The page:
First published in AMS business magazine. Author: Alex Hibbert
A glimpse behind the curtain
As you walk out of Hilversum train station, the first thing you see is MediaMonks’ impressive headquarters. It’s an imposing, white-clad building that dominates its neighbours, a practical palace of Oz glistening in the sun at the end of a short train journey from the cobbled canal paths of Amsterdam city centre.
Inside the building and behind the curtain is where the real treasures lie: answers to the question of how a company started in a basement a stone’s throw from here became the world’s leading creative production company. A trophy cabinet currently stocked with 110 Cannes Lions, 86 Lovies, 68 Eurobest Awards, 28 D&AD Pencils, 26 Webbys and more than 200 FWAs is just one signifier of its evolving brilliance.
A walk around the company’s expansive workspace is another. Nestled down amongst the laptops, cameras, tablets and toys, teams of developers, videographers and tech wizards conjure up futuristic visions for the firm’s clients around the world.
Working on augmented and virtual reality (VR) installations, games, apps, websites and videos is the norm for a company which has created a gigantic robotic squid for Old Spice, turned a sandbox into a VR racecourse for Audi and transformed Singapore’s ArtScience Museum into a VR rainforest.
In fact, it’s this commitment to jumping headlong into the unknown that’s helped MediaMonks spread its influence all over the world, and the company now employs more than 700 people at its 11 offices across four continents.
Hilversum is a media hub minutes from the city centre
In his office on the ground floor of MediaMonks’ HQ, CEO Victor Knaap explains why Hilversum, in the heart of the Amsterdam Area, is the perfect base for the company’s global operations. “Hilversum is Amsterdam’s media city: we have the fastest internet in the Netherlands here, as well as the broadcasting buyers and the studio set-up,” he explains.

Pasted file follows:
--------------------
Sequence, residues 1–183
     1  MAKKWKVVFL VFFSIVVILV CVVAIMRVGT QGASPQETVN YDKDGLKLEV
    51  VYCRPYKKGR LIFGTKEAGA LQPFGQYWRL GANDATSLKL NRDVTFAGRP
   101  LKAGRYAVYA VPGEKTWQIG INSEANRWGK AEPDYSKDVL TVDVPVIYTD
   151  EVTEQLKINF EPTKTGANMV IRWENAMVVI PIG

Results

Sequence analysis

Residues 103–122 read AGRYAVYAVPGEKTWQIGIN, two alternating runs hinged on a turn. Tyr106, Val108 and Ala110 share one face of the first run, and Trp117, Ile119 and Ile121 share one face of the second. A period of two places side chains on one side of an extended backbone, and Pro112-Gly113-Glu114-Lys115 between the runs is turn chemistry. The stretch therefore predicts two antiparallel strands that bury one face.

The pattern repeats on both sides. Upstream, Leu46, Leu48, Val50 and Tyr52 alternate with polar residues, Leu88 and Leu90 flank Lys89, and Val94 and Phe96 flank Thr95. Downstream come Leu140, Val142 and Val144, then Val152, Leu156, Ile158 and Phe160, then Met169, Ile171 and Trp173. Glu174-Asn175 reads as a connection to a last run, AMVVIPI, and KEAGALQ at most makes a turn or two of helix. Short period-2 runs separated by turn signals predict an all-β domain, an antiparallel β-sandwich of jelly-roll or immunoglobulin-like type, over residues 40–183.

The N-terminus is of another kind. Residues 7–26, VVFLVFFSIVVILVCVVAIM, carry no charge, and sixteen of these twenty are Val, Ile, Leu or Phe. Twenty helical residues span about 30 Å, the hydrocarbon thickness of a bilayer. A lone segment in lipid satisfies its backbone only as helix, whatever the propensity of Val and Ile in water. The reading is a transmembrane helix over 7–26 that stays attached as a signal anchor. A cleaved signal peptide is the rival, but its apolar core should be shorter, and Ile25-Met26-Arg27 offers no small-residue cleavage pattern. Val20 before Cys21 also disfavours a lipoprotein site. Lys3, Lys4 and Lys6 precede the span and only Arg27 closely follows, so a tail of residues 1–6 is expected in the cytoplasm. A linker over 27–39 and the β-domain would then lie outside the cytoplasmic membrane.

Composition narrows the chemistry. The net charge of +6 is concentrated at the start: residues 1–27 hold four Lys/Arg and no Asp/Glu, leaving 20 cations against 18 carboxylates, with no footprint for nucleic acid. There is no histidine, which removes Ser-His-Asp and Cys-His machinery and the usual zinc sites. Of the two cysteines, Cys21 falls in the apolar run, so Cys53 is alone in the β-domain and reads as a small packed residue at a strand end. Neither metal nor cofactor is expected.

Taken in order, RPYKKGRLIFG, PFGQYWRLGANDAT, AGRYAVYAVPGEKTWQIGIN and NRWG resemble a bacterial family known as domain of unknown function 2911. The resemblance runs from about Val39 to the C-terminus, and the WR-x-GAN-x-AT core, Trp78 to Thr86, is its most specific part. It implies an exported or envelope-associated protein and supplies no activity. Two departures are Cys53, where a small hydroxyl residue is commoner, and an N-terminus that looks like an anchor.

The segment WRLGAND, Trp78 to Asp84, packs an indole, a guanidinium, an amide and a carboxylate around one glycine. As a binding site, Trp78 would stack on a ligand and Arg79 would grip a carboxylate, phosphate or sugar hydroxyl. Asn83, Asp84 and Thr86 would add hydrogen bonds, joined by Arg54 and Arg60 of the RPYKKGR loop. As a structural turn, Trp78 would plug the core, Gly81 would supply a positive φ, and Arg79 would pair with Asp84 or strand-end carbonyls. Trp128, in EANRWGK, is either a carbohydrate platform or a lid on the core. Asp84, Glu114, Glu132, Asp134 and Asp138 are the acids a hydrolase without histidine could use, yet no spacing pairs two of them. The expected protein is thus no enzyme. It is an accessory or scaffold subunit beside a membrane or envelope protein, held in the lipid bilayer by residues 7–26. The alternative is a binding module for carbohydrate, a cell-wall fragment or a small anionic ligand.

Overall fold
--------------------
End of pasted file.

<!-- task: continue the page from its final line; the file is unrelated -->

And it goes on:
“We’re right in front of Hilversum central station, so it’s just 20 minutes to Amsterdam, 10 minutes to Utrecht and 15 minutes to Zwolle and Amersfoort, where there is a big games industry and very good universities.”
A high quality of life and a relaxed work culture
The Amsterdam Area is known for its world-class infrastructure, including the exceptional connectivity of the Amsterdam Internet Exchange, high-speed rail services and the award-winning Amsterdam Airport Schiphol. But Knaap says that it’s also the Netherlands’ high quality of life and relaxed working environment that help businesses like MediaMonks attract top talent from around the world. “Hilversum and the Amsterdam Area in general has a great reputation with people abroad – every creative loves to work here.”
And Knaap says that being based in Hilversum has never been a problem for MediaMonks employees who live in the centre of the city. “Half of the staff here have an international background,” he explains, “so, if they live in Amsterdam and they only have a 20-minute train ride to get to work – that’s actually a luxury. In the Netherlands, we are a little bit spoilt in that sense. Everything is very close and it’s easy to get around.”